1.IED attacks 

Improvised Explosive Devices (IEDs) are effective weapons and can be delivered to their chosen locations in a number of ways, including by suicide bombers. Suicide bombers may use vehicles or carry their IED concealed on their person, this is called a Person Borne IED (PBIED).

Terrorists generally select their targets to cause mass causalities, infrastructure damage, attract widespread media coverage and/or cause economic and psychological damage to the population.


Awareness on IEDs


2. What is an Improvised Explosive Device?

An IED is a bomb which can be made from Homemade Explosives (HME). Although IEDs may be ‘home made’, they can still be as powerful as commercial or military explosives, be sophisticated in their design and be very effective.

IEDs may be delivered using the following methods:

(This list is not exhaustive)

  1. Person Borne IED (PBIED)

  2. Postal or mail device – often a Victim Operated IED (VOIED)

  3. Remote Controlled IED (RCIED)

  4. Vehicle Borne IED (VBIED) and Under Vehicle IED (UVIED)


2.1 Person Borne IED (PBIED)

A PBIED or suicide bomber potentially enables an agile and penetrative delivery of a smaller explosive device to a target.

Although there is no definitive physical profile for a suicide bomber, there are various signs that may indicate an individual is carrying a device or conducting reconnaissance.

Examples of such signs may include bulky clothing (suspicious in warm weather conditions), acting nervously (constantly looking around, sweating), and/or loitering in a specific area for extended periods of time.

Report anyone acting suspiciously to the police immediately.


2.2 Postal or mail device – often a Victim Operated IED (VOIED)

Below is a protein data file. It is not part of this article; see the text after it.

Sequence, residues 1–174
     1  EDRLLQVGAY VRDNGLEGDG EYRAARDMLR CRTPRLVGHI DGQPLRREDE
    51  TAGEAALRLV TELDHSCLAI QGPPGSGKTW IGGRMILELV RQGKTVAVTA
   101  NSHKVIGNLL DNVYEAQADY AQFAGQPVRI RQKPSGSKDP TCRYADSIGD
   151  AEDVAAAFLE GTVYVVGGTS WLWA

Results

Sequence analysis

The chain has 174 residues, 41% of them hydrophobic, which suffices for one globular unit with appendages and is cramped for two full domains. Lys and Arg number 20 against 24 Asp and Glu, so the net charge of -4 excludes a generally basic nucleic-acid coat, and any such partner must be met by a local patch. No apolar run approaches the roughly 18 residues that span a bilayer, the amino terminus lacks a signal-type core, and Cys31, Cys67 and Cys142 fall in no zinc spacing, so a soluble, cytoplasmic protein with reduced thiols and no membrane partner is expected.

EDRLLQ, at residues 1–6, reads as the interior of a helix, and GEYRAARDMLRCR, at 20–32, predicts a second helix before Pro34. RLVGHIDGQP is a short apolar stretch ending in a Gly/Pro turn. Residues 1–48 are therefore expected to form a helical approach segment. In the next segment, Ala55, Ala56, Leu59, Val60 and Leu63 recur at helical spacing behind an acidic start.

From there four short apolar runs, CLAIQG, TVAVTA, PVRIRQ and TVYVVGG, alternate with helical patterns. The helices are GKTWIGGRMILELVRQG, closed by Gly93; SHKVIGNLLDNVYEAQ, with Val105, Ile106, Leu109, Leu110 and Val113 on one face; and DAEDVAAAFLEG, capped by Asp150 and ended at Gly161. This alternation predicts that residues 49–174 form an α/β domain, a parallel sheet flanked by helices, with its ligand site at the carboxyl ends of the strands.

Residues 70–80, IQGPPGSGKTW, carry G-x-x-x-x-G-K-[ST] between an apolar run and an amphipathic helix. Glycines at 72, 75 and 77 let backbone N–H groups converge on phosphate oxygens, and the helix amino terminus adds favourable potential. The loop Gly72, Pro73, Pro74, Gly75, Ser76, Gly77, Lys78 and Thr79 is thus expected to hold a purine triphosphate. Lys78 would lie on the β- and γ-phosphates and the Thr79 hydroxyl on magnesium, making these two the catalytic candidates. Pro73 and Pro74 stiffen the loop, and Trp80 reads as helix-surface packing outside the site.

Most businesses will receive a large amount of mail and other deliveries and this offers a potentially attractive route into premises for terrorists. 

IEDs delivered via the post are discussed specifically within the Mail Handling section of this guidance.

Read more about Mail handling and Mail Screening


2.3 Remote Controlled IED (RCIED)

An RCIED is a remote controlled improvised explosive device which can be initiated wirelessly using a transmitter and receiver this includes radio, Wi-Fi, Bluetooth, personal mobile radios, mobile phones, cordless phones etc.


2.4 Vehicle Borne IED (VBIED) and Under Vehicle IED (UVIED)

In comparison to a Person Borne IED, a VBIED may be capable of delivering a large quantity of explosives to a target, causing significant damage.

Read more about Vehicle Bombs

This list is not exhaustive and there are many other ways IEDs may be used. 


3. The effects of IEDs

The effects of a detonated IED can be highly destructive. In addition to the initial blast which can be lethal, debris such as broken glass and metal in the form of secondary fragmentation, can cause further injury at a considerable distance away from the centre of the explosion. The longer-term disruption as a result of the blast can last for many weeks, leading to business continuity, economic damage and infrastructure challenges.

If you think your site could be at risk from an IED, there are physical and procedural mitigation measures that can be utilised to help reduce the risk.

For site specific advice, contact your local CTSA.


4. Protective security measures to consider

The variety of protective security measures which may be utilised to strengthen a site against an IED attack are featured throughout this guidance.

The following points and principles may serve as points for further discussion and inform your protective security posture:

  • attacks may be preceded by reconnaissance or trial runs. Ensure that any suspicious behaviour is reported to the police
  • effectively monitored CCTV systems may deter a terrorist attack or identify planning activity
  • ensure no one visits your protected areas without you being sure of their identity, or without proper authority
  • use physical barriers to prevent a hostile vehicle from driving into your premises through pedestrian entrances, goods/service yards or underground areas
  • deny access to any vehicle that arrives at your goods/service entrances without prior notice and hold vehicles at access control points until you can satisfy yourself that they are genuine
  • wherever possible, establish your vehicle access control point at a distance from the protected site, setting up regular patrols and briefing staff to look out for anyone behaving suspiciously

Read more about Physical Security

Read more about Personnel and People Security

Read more about Personal Security

Attack Methodology
Terrorist threat
PALs Guidance
publicly accessible places
publicly accessible locations
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